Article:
Faith & Reason / Visions of a future Church of England

The Church of England should be actively participating in any debate on its disestablishment argues Paul Handley, the editor of the Church Times. Otherwise, who knows what may happen?

It has not occurred to me before to liken Dr Carey to the paparazzi. But this image came to mind on hearing from his office this week that no, he had not been involved in any discussions with the royal family about their headship of his Church. He might do better to stand with the pack at the gates of Balmoral, hoping to catch a snatch of the conversations which have apparently been going on.

The reluctance of the royal family to disclose anything of their speculative discussions on the monarchy's future, and its relationship with the Church and the state, has encouraged rather than damped down our own speculation. With nothing to tell us how much or how little they are contemplating, our minds and our pens are given free reign. Any changes suggested by the Palace could well turn out to be modest; but by the time this becomes clear, so many people will have waved their large spanners at the establishment machinery that a more radical dismantling will be unavoidable.

This is a particular danger at the moment when the Church's establishment is so imperfectly understood. It is not an arrangement for the conferring of privilege on the Anglican hierarchy, though allowing certain bishops to prance around Westminster in their lawn sleeves must make it seem so at times, not least to them. It is, rather, an equal partnership between the sacred and secular authorities in which the Church, like the Government, places itself at the service of the people. That at any rate is what it should be and serious debate about how such an arrangement might work in a pluralist society ought to be able to polish that image up.

Were that debate not to happen - and there are depressingly few signs of it even in the Church - then disestablishment could happen very rapidly. This is the point at which speculation can really begin.

The date, then, is 24 August 2006, and King Charles III is on the throne. The Archbishop has been to see him at Balmoral, but is now waiting for a bus at the end of the drive, a disappointed man. He is broke. Charles might have conferred on him the title of Dean of Bocking, one of the royal peculiars his mother had held on to when the Church-state split took place, but he had given it just the other week to a Sikh ecologist.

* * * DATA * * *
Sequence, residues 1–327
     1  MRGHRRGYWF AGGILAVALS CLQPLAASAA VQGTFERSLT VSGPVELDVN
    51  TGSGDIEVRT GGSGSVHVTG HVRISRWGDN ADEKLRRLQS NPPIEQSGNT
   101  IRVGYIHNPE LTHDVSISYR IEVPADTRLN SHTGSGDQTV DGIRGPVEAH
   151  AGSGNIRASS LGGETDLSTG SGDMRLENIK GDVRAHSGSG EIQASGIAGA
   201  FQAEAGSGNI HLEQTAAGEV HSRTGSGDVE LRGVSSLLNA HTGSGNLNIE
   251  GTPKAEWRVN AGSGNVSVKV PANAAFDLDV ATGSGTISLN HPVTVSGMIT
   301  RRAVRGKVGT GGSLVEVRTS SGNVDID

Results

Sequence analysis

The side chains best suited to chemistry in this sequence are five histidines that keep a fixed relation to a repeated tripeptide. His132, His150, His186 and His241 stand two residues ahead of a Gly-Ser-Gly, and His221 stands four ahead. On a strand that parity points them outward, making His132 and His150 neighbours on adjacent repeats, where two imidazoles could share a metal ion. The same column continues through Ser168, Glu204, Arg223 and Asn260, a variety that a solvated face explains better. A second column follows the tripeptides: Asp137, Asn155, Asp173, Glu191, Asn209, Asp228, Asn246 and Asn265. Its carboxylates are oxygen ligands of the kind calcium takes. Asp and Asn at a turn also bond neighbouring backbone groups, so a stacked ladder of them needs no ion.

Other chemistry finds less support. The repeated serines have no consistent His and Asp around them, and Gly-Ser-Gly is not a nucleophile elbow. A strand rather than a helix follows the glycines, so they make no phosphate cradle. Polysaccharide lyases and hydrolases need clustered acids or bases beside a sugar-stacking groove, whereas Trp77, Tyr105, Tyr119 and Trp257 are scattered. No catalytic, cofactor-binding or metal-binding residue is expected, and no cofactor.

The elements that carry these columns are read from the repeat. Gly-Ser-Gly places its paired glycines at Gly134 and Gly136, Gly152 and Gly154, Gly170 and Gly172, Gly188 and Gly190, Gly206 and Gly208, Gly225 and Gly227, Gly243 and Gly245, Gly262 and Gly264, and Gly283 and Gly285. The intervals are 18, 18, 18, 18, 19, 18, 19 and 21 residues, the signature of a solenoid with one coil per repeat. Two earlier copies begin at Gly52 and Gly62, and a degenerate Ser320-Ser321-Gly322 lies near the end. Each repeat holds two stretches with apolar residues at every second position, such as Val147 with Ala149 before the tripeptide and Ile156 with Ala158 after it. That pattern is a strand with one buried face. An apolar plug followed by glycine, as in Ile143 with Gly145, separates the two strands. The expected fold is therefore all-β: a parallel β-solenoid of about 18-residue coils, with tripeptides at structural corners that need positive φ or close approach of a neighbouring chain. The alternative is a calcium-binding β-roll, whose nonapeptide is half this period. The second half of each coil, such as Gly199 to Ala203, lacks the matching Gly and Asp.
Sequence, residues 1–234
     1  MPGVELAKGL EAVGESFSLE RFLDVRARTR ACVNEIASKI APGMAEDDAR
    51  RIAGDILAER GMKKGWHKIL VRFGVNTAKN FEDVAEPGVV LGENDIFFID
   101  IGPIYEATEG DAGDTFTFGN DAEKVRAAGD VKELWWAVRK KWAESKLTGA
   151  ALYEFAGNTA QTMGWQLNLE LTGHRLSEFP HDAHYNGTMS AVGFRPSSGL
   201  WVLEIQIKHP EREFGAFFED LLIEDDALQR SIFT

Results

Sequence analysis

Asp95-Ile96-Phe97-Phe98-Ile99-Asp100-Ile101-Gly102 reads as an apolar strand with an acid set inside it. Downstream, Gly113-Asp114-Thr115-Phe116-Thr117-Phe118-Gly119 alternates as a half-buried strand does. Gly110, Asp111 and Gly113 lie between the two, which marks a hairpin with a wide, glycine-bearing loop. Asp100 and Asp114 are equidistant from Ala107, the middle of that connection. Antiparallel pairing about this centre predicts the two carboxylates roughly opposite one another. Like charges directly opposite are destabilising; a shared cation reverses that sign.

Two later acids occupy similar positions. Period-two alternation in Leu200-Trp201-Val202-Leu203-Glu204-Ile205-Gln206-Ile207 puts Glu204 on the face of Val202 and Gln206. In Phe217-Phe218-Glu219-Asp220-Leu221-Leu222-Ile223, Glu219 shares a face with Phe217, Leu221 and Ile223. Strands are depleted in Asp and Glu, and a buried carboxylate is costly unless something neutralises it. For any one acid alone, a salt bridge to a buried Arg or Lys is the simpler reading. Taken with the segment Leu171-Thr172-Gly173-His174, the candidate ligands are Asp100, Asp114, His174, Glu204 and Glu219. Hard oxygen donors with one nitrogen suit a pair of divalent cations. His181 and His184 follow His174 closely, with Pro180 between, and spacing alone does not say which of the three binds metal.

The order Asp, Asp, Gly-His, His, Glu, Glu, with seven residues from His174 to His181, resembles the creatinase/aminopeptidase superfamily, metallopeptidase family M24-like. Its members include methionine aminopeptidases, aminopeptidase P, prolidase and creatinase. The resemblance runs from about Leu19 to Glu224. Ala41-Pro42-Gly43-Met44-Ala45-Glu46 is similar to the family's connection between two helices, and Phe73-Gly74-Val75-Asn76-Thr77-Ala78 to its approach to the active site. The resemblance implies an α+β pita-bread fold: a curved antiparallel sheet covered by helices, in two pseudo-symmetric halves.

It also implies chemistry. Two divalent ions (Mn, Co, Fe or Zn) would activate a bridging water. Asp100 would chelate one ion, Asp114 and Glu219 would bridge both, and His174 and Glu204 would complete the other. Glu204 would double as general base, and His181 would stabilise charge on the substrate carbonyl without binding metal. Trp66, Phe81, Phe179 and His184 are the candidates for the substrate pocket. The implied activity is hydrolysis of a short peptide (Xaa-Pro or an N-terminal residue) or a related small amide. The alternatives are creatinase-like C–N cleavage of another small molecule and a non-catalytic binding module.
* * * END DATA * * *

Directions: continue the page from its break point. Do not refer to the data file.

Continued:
Things are going badly for the Church in England. The problem is money. When disestablishment had been proposed, members of the General Synod had been swayed by the prospect of being able to choose their own bishops without interference from the state.

Nobody had believed then that Frank Field MP would carry out his threat to wrest the Church of England's historic resources back under the direct control of Parliament: but he'd done it. The ensuing court case had gone on for several months, but the Church in England was unable to prove its claim to the cash, which went instead to the refurbishment of what had once been the church's schools. The Church Commissioners were disbanded. The only bright spot for the bishops was that they, in their turn, could disclaim any responsibility for the 400 priests who had left over the ordination of women and who were still waiting for their compensation payments.

The parishes have experienced mixed fortunes since then. Because congregations now have to find the whole salary for their priests, not to mention the pension contributions, only the most prosperous parishes are staffed. Income from weddings and funerals are seriously down, ever since the Methodists, a hotel chain and several enterprising mosques started undercutting them.

But the greatest blow has fallen on the bishops and the cathedral staff, whose whole salaries had been funded by the Church Commissioners. A pounds 5m deficit is not easily made up. All cathedrals now charge, and a separate Lottery scratch card has been launched to help them out (though the Nonconformist Churches are claiming a share of the hand-out).

So far, the church buildings themselves have been left alone, but this might not last.

The Faiths Times (which saw early on the way the wind was blowing) has heard of a move by the Roman Catholic Church to reclaim any churches built before the English Reformation. The Pope is said to be working through Prince William's Roman Catholic wife.

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